Aragorn vs. Saruman

Aragorn the Libertarian King: “[O]nly of your free will would I have you come, for you will find both toil and greater fear, and maybe worse.” And a little later: “for I go on a path appointed. But those who follow me do so of their free will; and if they wish now to remain and ride with the Rohirrim, they may do so. But I shall take the Paths of the Dead, alone, if needs be.” (“Passing of the Grey Company”)

Saruman, Keeper of the Common Good: “[O]ur time is at hand: the world of Men, which we must rule. But we must have power, power to order all things as we will, for that good which only the Wise can see.” (“Council of Elrond”)

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When Gandalf Votes

“So you see, Gandalf, that by not voting for me, you’re really just voting for Sauron.”

I posted a few days ago on the subject of “When Elves Flirt.” This and my previous post might be filed under “When Gandalf Votes.” Here’s another passage from The Lord of the Rings remarkably apropos our current election season. The passage is taken from Gandalf’s speech to the traitor Saruman:

“Well, the choices are, it seems, to submit to Sauron, or to yourself. I will take neither. Have you others to offer?”

“Folly it May Appear to Those Who Cling to False Hope”: Tolkien’s advice on how to vote

Tis an election year here in the USA, and for my American readers who seem to have missed it, I thought I’d take this moment to point out that, among other things, The Lord of the Rings is a 1000-page, devastating and conclusive refutation of the principle of voting for the lesser of two evils.

‘…That is the path of despair. Of folly I would say, if the long wisdom of Elrond did not forbid me.’
‘Despair, or folly?’ said Gandalf. `It is not despair, for despair is only for those who see the end beyond all doubt. We do not. It is wisdom to recognize necessity, when all other courses have been weighed, though as folly it may appear to those who cling to false hope. Well, let folly be our cloak…”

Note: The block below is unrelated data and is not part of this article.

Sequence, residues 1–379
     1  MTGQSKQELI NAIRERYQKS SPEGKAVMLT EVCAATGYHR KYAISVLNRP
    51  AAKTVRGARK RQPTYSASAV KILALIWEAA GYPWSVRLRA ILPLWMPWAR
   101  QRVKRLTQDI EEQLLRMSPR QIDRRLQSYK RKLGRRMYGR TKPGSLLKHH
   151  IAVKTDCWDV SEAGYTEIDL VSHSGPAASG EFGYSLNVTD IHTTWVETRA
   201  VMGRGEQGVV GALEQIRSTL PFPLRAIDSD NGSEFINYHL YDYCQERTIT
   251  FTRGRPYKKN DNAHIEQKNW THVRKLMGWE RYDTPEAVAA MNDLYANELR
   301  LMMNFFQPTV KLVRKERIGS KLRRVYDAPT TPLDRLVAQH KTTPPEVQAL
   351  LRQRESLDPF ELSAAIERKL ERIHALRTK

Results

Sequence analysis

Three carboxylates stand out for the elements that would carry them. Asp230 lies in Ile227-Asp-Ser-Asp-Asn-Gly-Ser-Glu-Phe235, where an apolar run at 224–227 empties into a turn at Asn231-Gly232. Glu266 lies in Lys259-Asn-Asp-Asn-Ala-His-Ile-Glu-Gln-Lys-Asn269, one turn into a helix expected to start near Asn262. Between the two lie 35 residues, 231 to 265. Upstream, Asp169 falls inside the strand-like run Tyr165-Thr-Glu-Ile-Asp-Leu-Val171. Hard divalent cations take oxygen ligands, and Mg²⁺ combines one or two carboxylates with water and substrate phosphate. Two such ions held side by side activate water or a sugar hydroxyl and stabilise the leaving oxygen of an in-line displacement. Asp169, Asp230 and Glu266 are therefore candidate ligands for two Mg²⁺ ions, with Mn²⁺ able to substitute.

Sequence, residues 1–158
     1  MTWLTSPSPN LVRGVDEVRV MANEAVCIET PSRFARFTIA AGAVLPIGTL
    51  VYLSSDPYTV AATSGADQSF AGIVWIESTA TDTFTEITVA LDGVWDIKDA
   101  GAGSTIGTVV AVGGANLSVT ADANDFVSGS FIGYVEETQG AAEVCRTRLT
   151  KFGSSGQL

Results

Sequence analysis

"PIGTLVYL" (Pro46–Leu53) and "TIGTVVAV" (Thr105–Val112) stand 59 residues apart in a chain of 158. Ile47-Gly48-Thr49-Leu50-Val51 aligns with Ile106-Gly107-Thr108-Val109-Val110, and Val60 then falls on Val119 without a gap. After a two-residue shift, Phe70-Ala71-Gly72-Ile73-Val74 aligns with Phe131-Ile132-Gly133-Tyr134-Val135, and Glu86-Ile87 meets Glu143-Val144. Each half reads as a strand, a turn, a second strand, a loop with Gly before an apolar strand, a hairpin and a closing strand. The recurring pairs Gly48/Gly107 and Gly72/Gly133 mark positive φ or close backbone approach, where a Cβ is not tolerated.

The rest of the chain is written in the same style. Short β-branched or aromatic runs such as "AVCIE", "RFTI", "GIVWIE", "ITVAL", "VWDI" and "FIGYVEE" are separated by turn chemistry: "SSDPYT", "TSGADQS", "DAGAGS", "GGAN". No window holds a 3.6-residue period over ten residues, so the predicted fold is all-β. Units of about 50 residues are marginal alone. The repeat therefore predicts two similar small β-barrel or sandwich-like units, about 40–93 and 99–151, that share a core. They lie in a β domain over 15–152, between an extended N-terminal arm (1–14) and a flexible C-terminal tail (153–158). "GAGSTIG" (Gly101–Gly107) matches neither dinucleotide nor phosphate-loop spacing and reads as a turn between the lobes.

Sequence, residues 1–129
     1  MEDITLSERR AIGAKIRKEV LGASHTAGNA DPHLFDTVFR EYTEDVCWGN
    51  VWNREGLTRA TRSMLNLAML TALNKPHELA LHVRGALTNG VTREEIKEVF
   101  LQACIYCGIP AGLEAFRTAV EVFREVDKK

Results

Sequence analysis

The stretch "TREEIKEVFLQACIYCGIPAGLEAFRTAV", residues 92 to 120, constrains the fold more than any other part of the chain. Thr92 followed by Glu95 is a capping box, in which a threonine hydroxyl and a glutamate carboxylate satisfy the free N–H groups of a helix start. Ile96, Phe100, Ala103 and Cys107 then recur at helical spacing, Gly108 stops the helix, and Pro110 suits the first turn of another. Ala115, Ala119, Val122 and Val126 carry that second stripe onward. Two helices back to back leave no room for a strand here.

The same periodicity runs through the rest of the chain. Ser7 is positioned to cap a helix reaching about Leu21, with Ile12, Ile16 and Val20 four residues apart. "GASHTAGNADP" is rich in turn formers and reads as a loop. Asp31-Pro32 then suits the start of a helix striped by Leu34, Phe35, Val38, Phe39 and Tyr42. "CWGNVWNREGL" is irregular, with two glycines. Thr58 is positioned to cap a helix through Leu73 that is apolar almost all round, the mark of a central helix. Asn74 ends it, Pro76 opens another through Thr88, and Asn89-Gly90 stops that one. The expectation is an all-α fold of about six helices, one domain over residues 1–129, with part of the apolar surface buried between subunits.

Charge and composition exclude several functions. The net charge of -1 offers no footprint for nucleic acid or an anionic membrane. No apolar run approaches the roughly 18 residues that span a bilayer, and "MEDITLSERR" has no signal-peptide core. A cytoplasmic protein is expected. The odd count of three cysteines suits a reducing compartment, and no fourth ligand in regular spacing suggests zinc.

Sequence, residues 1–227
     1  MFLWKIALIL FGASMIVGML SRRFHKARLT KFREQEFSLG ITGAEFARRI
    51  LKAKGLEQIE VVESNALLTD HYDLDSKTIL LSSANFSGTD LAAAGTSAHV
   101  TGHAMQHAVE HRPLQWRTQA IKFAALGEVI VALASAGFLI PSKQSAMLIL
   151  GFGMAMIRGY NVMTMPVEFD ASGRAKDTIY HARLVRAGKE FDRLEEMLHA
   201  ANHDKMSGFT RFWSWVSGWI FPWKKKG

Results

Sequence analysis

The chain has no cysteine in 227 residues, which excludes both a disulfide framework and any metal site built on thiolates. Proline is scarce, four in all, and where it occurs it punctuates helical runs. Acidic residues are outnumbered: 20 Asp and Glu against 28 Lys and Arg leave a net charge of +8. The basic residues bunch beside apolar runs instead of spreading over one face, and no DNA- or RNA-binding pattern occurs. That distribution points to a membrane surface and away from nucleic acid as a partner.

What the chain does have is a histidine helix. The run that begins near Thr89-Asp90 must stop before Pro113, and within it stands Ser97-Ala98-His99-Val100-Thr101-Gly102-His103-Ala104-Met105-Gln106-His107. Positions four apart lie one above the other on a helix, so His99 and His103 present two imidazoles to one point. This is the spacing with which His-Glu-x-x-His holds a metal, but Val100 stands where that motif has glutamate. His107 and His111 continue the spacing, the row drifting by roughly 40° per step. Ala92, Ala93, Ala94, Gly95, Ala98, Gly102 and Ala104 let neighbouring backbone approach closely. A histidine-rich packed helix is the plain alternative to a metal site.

One greater than Beowulf: Aragorn and Tolkien’s marginalization of the monstrous

A couple of passages to comment briefly on Aragorn vis-a-vis Beowulf today. The first is Aragorn’s speech to Boromir at the Council of Elrond:

`If Gondor, Boromir, has been a stalwart tower, we have played another part. Many evil things there are that your strong walls and bright swords do not stay. You know little of the lands beyond your bounds. Peace and freedom, do you say? The North would have known them little but for us. Fear would have destroyed them. But when dark things come from the houseless hills, or creep from sunless woods, they fly from us. What roads would any dare to tread, what safety would there be in quiet lands, or in the homes of simple men at night, if the Dúnedain were asleep, or were all gone into the grave?
           `And yet less thanks have we than you. Travellers scowl at us, and countrymen give us scornful names. “Strider” I am to one fat man who lives within a day’s march of foes that would freeze his heart or lay his little town in ruin, if he were not guarded ceaselessly. Yet we would not have it otherwise. If simple folk are free from care and fear, simple they will be, and we must be secret to keep them so. That has been the task of my kindred, while the years have lengthened and the grass has grown.’

The second is Aragorn’s exchange with Halbarad in the chapter “The Passing of the Grey Company” on the departure of Legolas, Gimli, and Merry:

‘There go three that I love, and the smallest not the least,’ he said. ‘He knows not to what end he rides; yet if he knew, he still would go on.’

     ‘A little people, but of great worth are the Shire-folk,’ said Halbarad. ‘Little do they know of our long labour for the safekeeping of their borders, and yet I grudge it not.’

     ‘And now our fates are woven together,’ said Aragorn.